Céline invited me to share on her blog my journey as I start a career as a freelance translator. She thinks it will be informative and educational for others planning on doing the same thing. For me, the thought process of putting down my experiences in writing, as well as your comments and advice, should help me view my efforts from a critical point of view and take a few steps back, thus helping me in my endeavour. However, this remains a personal experience and should be seen as such.
Part 1
I shall dedicate this first part to presenting my background. I was born and grew up in France, where I studied languages and literature. I started getting interested in languages when I discovered reading in primary school, and more particularly through the books of a mysteriously named author: Enid Blyton. When my mother told me he was English, numerous questions came to my mind. How was this possible, since Oui-Oui (Noddy) spoke French? Later, when I understood the principle of translation, questions kept coming up, thick and fast, like: "Does the name of an object, translated from English into French, refer to the same object we have in France?" I am still moved by how judicious and penetrating a child’s questions are. How is it possible that, at such a young age, the complexity of such questions can be perceived?
On top of that, the pronoun "he", used in "he was English", refers back not only to the generic term "author", but also to the individual. Just imagine: for over 15 years, I believed that the creator of my childhood friends (Noddy, Brer Rabbit, The Famous Five, The Secret Seven), was a man! This discovery taught me two central lessons: first, a shaky knowledge of the source language’s culture can bring about enormous mistakes, and second, every piece of information must be verified. All this shows that my decision to start a career in translation, far from being a fad, is born of a profound, long-lasting passion for languages.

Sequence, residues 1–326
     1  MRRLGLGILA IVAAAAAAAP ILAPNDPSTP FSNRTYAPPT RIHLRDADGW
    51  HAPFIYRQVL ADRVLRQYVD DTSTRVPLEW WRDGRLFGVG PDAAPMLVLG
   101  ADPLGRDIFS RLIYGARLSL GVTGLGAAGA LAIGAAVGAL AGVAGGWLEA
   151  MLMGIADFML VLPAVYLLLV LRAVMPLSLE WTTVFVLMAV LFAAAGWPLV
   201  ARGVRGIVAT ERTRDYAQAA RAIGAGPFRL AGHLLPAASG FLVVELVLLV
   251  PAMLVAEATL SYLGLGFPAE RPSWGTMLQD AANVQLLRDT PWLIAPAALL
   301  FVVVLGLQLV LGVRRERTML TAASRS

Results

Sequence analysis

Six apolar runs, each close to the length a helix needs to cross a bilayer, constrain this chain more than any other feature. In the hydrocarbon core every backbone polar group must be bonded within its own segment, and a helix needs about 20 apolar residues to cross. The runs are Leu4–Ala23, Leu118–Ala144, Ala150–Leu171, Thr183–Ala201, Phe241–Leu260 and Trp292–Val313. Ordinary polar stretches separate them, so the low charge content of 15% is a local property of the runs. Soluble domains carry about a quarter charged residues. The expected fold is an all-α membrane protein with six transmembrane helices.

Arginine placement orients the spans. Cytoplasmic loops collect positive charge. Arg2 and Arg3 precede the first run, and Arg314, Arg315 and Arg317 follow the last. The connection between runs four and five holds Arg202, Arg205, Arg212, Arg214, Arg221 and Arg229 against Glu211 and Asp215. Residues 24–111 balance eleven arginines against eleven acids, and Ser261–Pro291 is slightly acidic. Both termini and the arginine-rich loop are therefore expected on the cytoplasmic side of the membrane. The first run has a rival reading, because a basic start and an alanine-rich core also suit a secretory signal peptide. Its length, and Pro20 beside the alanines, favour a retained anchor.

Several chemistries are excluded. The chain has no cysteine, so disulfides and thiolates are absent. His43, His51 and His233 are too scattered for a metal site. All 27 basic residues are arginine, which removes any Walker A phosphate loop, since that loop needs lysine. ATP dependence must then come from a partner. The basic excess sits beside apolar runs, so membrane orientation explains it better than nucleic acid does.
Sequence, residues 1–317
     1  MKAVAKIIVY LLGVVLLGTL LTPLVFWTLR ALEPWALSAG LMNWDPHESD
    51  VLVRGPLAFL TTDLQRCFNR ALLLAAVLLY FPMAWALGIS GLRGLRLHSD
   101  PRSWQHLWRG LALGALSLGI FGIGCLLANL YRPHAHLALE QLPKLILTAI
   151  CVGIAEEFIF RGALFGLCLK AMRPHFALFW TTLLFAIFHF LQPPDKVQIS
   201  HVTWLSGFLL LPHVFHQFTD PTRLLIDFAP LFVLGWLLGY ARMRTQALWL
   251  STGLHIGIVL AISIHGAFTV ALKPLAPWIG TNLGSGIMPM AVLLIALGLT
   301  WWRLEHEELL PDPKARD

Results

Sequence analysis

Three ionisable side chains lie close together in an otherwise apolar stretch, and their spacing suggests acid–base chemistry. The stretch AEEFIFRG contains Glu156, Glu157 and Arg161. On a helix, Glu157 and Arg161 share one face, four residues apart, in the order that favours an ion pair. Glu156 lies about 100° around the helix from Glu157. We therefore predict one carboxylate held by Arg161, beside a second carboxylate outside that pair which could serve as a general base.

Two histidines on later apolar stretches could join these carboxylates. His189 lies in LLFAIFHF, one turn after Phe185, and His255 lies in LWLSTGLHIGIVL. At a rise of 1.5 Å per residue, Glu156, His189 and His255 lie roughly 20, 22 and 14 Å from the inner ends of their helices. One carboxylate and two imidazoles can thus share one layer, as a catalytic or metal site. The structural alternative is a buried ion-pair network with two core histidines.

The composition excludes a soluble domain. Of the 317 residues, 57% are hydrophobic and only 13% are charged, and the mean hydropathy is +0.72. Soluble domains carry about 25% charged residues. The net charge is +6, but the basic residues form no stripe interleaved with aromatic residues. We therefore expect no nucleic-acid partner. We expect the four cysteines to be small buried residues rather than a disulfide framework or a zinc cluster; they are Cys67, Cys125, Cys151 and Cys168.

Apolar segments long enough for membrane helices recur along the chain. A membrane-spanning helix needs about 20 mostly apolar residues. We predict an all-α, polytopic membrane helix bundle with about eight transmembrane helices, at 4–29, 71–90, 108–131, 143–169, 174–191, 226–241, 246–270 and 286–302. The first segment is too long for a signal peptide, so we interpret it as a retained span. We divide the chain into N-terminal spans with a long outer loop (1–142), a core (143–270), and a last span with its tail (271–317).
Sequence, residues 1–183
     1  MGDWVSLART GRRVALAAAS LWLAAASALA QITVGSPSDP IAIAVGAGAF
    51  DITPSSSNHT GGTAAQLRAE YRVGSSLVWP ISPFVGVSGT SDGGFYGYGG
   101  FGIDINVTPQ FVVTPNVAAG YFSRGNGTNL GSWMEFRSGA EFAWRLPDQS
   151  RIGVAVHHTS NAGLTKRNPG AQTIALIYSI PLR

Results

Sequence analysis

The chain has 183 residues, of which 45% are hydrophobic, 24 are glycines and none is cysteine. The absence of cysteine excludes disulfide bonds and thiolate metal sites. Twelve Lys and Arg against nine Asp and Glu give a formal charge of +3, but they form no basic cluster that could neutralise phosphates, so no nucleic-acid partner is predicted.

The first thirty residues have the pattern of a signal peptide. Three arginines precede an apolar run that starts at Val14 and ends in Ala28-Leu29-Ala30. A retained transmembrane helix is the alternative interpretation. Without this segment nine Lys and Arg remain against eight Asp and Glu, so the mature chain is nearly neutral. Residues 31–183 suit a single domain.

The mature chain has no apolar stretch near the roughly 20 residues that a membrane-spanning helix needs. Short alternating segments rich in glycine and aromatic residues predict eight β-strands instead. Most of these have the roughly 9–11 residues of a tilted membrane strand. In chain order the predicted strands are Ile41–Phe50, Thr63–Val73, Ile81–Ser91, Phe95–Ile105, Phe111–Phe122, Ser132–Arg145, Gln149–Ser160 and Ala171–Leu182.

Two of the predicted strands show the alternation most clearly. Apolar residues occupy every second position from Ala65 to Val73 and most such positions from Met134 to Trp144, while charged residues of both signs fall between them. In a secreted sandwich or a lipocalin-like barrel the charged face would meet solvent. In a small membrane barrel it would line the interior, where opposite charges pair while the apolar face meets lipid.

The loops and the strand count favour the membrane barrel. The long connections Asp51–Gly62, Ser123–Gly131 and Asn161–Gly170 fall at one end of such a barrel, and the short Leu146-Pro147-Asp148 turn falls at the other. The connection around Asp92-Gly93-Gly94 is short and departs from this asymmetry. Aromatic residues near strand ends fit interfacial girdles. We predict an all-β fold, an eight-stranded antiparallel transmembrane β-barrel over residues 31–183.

From then on, my education was straightforward. I studied as many languages as permitted by the French education system. Two living languages and one dead language from age 11 to 15, then three living languages until age 18, with trips abroad in the summer. English became my favourite language at secondary school and I decided to become a teacher. After the Baccalauréat, I carried on studying arts in hypokhâgne and khâgne before taking a degree and an MA in English literature at the Sorbonne University. I then took a teaching degree and a French as a foreign language degree. As well as my studies, I did all I could and travelled as much as I could to learn more about this fascinating country and its language: I worked as an au pair in Lancashire and studied in Liverpool.
My teaching diplomas allowed me to teach in the Paris region for three years before taking some time out to join my husband (a researcher) in the UK. I’ve been teaching French to adults for the last five years. As the chances of going back to France were getting slimmer and the need to find a mobile and flexible job was increasing, I decided to go back to my first passion: translation.
As I was searching the Internet, I found a site full of good advice managed by a French woman, whose background was similar to mine. Following Céline’s advice (you had probably guessed it was her site), I signed up to a long distance learning course at City University to take the Chartered Institute of Linguists’ Diploma of Translation. This ten-month course provided me with a framework, documents to prepare for the exam, deadlines and goals. It also helped me to recapture translation skills, improve my speed and learn more specialised vocabulary.
Eighteen months later, armed with the diploma, I’m about to give up, temporarily at least, my comfortable life working in education to dive into the murky waters of freelance work.
To be continued